But we are still here! And for me, being an industrial designer today is more interesting than ever. Flooded with products, services and information, camd onfronted with self-made environmental problems, we should take the responsibility to ensure that future design experiences are not all about generating maximum revenue. They must also serve real user needs, whilst minimizing the environmental impact throughout their entire lifecycle.

This is something you probably don't want to do by yourself, and you don't have to. Industrial designers today work best as part of a team. The challenge for the designer is to connect and align all relevant disciplines on clear priorities and shared goals. This is the foundation for a successful design and development process. It enables the ID team to generate holistic concepts and helps the entire team to translate complex and often conflicting requirements into feasible, desirable, and successful experiences.

My first contact with the IDSA was about four years back. I was new in town. and because I worked on a super-secret project, it was very hard for me to connect with fellow designers in Seattle. The Student Portfolio review put on by IDSA was a great opportunity to meet talented people and have some refreshing conversations without needing to talk too much about my own job. I had a great day, but somehow lost connection to the IDSA shortly after. A couple of years later, now running my own design studio, my business partner mentioned that the IDSA is going through some changes and that they are looking for support. A few conversations and beers later ,we both signed up and eventually got elected to join Henry Hiltner, IDSA and Anthony Garzonna, IDSA (THANKS!) at the IDSA Northwest Chapter.

Over the past few years, I've observed how difficult it is for young talents to land their first jobs. In fast-paced and demanding work environments, companies have become more and more hesitant to invest in Junior Designers. They need people who can deliver right away with as little guidance as possible. I would like to use my time as a member of IDSA to lower this first barrier and help young and talented people with feedback, advice, and knowledge to get their careers off the ground. I also look forward to having a great, fun time with lots to learn from all the amazing people connected to IDSA!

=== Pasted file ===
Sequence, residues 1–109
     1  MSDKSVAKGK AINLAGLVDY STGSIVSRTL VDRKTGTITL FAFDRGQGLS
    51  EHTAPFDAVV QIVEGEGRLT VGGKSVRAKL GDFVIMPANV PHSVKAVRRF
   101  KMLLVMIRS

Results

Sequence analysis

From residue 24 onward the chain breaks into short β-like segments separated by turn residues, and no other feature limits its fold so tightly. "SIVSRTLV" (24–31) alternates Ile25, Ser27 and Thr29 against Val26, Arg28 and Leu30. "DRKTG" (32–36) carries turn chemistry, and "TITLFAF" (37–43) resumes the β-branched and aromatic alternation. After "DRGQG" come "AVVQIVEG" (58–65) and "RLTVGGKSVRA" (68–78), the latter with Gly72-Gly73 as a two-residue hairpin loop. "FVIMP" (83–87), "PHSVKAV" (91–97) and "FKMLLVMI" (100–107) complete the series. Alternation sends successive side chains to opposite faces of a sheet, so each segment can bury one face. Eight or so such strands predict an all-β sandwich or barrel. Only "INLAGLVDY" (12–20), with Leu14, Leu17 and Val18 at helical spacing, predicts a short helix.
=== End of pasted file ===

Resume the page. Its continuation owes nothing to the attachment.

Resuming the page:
Josh Hoffeld, IDSA
Chair, IDSA Denver

I joined IDSA as a student member when I attended Rochester Institute of Technology (RIT) in 1999. At that time, the internet was still new and information on industrial design was scarce. I had to rely on INNOVATION magazine in the school library. ID magazine was also a good source, if you could find it.

By joining IDSA, it meant I could have better access to information and people to chat with in order to get an understanding of what was happening and what I needed in my portfolio to get my career started. Fast forward to 2018: I met Jason Belaire, IDSA at Denver Design Week. I inquired as to how I could join IDSA. I kept showing up to board meetings.

By rejoining IDSA as a professional, I am no longer alone. I am finding more designers to exchange ideas, talking with students, and inspiring others in the community. I am very glad to get my hands on the INNOVATION magazines once again to read about designers making an impact through their work.

The role of an industrial designer is constantly morphing to keep pace with technology. The traditional skill set has grown exponentially, yet we must deliver solutions to various problems. We collaborate with others from various disciplines to overcome such challenges. I find it exciting that this field is constantly evolving with new tools in order to show our vision.